Alvarez was brought to the Fed by Alan Greenspan. As a staff lawyer, he helped implement bank deregulation policies such as ending supervision of primary dealers in 1992, refusing to regulate derivatives in 1996 (I recall gasping out loud when I first read about the Fed’s hands off policy), and implementing the rules that shot holes through Glass Stegall before it was formally repealed in 1999. Among those measures was giving a commercial bank, Credit Suisse, waivers to take a 44% stake one of the biggest investment banks, First Boston, in 1988 and assume control in 1990.
Alvarez also has a poor record as far as representing broad public interest in his tenure as General Counsel, which started in 2004. The Fed did an even worse job than the bank-cronyistic Office of the Comptroller of the Currency in enforcing Home Ownership and Equity Protection Act, a law that put restrictions on high-cost mortgage lenders. The Fed was also one of the two major moving forces behind the disastrous Independent Foreclosure Review, an exercise that promised borrowers who were foreclosed on in 2009 and 2010. The result instead was a fee orgy by the supposedly independent consultants, capricious and inadequate payments to former homeowners, and virtually no disclosure of what was unearthed during the reviews.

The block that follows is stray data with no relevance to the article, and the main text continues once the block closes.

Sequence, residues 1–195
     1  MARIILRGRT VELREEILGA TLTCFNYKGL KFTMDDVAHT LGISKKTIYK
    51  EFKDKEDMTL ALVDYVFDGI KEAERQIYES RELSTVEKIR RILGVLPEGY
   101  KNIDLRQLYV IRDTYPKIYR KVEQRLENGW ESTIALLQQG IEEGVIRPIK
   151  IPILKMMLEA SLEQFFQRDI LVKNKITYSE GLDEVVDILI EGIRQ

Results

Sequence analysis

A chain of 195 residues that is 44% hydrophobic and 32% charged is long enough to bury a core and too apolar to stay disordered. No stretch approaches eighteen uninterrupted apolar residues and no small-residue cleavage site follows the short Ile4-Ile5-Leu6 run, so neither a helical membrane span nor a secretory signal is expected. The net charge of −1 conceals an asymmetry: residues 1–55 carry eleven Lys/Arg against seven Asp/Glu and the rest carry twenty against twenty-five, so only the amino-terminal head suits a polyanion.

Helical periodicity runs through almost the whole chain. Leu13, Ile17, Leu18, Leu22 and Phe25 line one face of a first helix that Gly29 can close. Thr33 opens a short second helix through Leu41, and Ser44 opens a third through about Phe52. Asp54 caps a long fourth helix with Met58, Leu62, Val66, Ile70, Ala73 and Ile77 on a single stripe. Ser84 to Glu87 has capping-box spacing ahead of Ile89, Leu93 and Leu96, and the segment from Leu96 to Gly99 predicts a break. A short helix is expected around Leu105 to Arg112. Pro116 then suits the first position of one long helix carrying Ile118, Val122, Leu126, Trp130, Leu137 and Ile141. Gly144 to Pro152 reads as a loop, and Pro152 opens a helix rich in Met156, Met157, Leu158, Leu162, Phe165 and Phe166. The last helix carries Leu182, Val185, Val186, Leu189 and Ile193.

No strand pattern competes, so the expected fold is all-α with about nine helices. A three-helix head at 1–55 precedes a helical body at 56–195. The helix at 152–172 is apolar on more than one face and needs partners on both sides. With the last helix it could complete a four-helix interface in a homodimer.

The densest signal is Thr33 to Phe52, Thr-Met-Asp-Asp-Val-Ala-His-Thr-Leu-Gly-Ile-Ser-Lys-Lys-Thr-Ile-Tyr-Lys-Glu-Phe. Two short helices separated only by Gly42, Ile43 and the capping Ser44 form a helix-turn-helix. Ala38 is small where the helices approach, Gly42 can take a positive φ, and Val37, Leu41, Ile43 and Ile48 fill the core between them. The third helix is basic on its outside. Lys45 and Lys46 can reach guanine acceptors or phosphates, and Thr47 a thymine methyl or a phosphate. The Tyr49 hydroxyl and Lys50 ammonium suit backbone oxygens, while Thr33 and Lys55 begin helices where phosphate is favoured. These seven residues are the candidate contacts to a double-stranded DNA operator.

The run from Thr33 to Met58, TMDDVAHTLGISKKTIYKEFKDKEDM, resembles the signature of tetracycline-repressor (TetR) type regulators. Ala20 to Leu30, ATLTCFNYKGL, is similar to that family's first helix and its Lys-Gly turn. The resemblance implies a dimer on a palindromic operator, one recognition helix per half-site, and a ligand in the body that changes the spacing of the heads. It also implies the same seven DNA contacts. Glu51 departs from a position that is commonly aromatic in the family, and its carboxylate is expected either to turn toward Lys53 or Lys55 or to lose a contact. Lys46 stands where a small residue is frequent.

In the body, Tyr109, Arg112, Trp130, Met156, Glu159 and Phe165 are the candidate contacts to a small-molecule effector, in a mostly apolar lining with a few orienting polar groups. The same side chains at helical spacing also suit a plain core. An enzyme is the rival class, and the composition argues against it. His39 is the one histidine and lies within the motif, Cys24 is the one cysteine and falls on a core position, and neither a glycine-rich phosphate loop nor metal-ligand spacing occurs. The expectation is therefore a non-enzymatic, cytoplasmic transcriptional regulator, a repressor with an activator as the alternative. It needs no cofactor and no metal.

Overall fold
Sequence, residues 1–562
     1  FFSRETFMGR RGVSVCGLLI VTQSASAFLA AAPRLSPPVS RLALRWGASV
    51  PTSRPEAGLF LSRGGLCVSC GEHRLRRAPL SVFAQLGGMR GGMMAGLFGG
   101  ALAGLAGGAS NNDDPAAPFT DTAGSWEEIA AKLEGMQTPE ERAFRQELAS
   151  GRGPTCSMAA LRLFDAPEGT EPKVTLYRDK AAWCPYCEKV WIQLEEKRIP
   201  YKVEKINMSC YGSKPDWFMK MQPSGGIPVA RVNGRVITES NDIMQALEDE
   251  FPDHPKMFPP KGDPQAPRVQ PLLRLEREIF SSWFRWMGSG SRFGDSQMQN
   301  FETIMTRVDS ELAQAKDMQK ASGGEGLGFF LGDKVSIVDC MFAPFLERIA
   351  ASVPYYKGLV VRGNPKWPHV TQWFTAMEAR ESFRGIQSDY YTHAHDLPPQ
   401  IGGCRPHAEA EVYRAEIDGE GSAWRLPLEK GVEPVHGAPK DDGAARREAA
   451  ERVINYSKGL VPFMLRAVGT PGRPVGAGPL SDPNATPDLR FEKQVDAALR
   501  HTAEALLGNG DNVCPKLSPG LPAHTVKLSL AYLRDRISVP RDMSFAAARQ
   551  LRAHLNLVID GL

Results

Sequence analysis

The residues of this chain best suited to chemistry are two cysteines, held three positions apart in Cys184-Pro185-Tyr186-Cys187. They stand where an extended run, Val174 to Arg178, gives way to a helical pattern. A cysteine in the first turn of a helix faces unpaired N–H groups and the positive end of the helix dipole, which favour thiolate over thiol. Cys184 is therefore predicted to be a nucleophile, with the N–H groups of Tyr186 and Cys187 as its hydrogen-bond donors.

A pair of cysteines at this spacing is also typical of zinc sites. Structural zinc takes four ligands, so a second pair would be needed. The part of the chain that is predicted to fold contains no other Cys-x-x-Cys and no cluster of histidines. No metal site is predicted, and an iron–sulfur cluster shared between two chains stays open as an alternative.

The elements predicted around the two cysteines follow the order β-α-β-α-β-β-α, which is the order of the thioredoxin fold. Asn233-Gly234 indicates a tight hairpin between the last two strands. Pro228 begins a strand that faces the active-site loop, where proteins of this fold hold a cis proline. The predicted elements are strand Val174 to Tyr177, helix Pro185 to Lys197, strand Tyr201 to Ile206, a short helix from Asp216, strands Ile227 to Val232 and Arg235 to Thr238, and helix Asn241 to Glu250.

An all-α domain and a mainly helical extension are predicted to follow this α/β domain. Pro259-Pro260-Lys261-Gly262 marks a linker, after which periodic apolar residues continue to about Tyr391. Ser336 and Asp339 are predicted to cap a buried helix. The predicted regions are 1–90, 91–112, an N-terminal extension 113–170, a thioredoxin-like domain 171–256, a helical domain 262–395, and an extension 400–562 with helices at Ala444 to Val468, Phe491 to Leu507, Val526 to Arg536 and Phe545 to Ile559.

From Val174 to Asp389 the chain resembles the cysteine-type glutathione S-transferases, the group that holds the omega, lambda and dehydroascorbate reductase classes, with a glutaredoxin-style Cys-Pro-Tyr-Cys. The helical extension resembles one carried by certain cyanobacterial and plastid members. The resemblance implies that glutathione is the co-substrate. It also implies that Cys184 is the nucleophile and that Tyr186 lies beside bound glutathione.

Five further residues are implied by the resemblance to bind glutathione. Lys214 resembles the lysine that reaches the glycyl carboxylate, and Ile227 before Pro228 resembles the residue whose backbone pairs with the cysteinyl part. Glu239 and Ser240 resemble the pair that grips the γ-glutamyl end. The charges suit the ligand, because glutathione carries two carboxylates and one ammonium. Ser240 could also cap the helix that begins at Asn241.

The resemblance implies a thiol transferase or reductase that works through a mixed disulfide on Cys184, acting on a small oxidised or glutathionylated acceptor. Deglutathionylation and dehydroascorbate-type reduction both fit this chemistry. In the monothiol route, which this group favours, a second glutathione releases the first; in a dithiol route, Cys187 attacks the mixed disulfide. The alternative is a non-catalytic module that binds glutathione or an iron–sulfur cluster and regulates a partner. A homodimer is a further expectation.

It’s remarkable that this Goldman report, and its writeup on Business Insider, is being treated with a straight face. The short version is current stock price levels are dependent on continued stock buybacks. Key sections of the story: